"Wide-angle" lenses are those having fields of view
greater than about 90 degrees on the diagonal, but the camera used for
the STS-48 video had a field of view diagonal of only 50 degrees -- a standard
field of view for which no noticeable lens distortions should be expected.
Even for photographs taken with a wide-angle lens, the curvature introduced
is only detectable in linear features running over a large portion of the
photograph, unless the lens angle is extremely wide (e.g., "fish-eye" lenses).
The curvature in the column of Figure 4 is unnoticeable over the small
section shown in inset on the lower left.
Figure 4 Example of a wide-angle image. Curvature of columns and window frames is "barrel distortion" associated with the wide-angle lens. The inset at lower left demonstrates that the curvature caused by the lens cannot be detected over a small fraction of the image length. Photograph from reference [#2].
A quantitative measure of an arcís curvature is the radius of a circle as a function of the chord length, L, connecting the two end points of the arc and of its maximum height, H, above the chord at its center:
The smaller the radius of curvature, the greater the arc's curvature is considered to be. Expressed as fractions of the respective image diagonals, the radius of curvature of the column in Figure 4 is 1.4 times the length of the photographís diagonal and the radius of curvature of the path of Object M5 is 0.1 times the diagonal of the STS-48 camera's field of view. The curvature of M5's path in the STS-48 video, taken by a camera with a normal field of view, is thus about 14 times greater than the curvature introduced by barrel distortion in the moderately wide-angle photograph. In other words, if the arc of M5's path were continued to complete a circle, it would fill only 20% of the image's diagonal length. A circle similarly drawn to complete the arc of the column would not fit in the photograph; it would require an area more than 2.8 times larger than the photographís diagonal.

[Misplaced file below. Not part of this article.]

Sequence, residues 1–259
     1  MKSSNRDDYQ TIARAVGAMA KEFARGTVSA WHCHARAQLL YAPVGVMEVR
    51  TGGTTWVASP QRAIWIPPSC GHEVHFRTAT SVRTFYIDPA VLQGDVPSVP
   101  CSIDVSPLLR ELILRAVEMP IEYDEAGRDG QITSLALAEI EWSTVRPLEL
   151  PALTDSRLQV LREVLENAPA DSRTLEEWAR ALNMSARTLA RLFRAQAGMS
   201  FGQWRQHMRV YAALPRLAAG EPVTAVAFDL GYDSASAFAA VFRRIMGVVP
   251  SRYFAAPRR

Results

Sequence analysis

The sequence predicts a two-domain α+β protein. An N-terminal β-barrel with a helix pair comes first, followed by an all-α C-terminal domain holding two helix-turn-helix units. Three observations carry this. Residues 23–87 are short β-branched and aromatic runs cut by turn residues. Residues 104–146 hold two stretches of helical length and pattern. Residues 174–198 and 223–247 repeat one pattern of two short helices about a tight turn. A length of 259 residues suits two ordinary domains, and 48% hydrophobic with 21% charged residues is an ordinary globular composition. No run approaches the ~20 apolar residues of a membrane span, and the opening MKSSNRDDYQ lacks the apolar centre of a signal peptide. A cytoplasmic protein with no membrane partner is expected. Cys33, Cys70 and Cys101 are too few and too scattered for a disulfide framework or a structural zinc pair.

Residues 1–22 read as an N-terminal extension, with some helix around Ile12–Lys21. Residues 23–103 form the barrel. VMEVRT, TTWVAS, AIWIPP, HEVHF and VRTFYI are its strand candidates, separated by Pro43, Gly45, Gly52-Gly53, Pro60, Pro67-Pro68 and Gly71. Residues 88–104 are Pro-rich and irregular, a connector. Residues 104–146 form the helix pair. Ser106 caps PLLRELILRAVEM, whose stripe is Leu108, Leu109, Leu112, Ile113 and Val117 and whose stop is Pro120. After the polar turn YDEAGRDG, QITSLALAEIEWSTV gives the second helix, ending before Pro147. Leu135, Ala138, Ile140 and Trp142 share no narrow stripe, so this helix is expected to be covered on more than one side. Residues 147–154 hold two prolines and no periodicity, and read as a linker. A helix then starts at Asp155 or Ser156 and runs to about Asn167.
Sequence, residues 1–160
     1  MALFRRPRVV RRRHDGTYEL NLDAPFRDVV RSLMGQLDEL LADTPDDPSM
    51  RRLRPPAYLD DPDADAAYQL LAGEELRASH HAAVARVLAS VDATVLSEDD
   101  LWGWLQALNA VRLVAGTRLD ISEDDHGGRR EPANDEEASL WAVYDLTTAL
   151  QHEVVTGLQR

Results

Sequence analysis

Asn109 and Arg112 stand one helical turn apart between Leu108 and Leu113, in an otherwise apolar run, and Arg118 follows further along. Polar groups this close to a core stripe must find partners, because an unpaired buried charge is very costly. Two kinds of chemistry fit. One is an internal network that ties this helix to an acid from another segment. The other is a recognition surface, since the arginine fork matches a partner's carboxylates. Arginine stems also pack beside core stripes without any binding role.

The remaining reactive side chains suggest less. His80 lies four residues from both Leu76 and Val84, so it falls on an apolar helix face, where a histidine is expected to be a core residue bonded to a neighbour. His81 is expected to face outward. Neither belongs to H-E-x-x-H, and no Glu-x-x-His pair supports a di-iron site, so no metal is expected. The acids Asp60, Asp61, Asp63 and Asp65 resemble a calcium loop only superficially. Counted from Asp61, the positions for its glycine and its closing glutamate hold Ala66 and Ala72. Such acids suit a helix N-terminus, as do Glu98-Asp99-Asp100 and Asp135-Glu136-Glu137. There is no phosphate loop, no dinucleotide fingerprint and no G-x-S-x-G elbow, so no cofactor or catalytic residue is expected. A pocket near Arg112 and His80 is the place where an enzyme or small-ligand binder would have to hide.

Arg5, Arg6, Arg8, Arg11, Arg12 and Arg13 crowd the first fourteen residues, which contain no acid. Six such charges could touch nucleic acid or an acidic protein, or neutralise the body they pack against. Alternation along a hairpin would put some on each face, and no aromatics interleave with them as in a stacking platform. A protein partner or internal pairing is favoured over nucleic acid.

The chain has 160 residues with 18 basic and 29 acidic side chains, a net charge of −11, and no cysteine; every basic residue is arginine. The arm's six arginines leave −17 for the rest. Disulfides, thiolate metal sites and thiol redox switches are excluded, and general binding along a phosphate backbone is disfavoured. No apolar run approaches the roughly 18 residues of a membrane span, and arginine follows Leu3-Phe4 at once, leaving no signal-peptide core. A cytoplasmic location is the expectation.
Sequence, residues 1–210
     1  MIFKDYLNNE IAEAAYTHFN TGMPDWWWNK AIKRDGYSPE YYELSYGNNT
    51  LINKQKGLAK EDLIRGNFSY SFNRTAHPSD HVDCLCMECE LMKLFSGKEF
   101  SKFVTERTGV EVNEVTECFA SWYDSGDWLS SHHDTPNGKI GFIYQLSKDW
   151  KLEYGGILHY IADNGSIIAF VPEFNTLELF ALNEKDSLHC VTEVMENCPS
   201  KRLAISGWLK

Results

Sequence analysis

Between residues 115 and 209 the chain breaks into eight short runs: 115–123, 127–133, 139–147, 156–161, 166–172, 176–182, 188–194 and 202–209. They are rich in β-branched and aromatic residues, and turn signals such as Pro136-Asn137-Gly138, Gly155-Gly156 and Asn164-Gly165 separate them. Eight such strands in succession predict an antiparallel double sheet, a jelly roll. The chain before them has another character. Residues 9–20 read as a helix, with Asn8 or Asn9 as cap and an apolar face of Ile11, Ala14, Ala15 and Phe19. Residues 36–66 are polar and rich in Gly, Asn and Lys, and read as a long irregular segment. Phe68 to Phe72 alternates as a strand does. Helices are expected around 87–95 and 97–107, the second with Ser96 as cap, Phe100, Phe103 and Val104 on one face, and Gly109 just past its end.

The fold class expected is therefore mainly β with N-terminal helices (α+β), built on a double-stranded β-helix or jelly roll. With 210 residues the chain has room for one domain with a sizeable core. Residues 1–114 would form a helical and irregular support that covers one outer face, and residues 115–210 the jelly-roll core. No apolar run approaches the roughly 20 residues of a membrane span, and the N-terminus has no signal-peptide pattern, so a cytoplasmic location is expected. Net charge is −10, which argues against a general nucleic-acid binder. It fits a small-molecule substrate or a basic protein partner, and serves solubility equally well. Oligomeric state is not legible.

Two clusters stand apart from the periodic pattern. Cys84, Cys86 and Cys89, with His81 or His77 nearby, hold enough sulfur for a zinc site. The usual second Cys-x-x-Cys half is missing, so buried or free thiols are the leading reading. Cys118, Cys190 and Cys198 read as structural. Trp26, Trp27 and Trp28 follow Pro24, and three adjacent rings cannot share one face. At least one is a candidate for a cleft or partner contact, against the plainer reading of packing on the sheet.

Object M0 is very close to M10, whose path shows
no sign of curvature. Barrel distortion should affect linear features in
proximity to each other about equally. Finally, the convex side of the
curvature of M0ís path points in the wrong direction for the curvature
to be attributed to barrel distortion. Barrel distortion would cause the
convex side of the curve to be on the left because the object is left of
the center of the FOV. But the convex side of M0ís path points to the right,
as do the paths of M5 and M6 on the right side of the image.
Sublimation as a Propulsive Force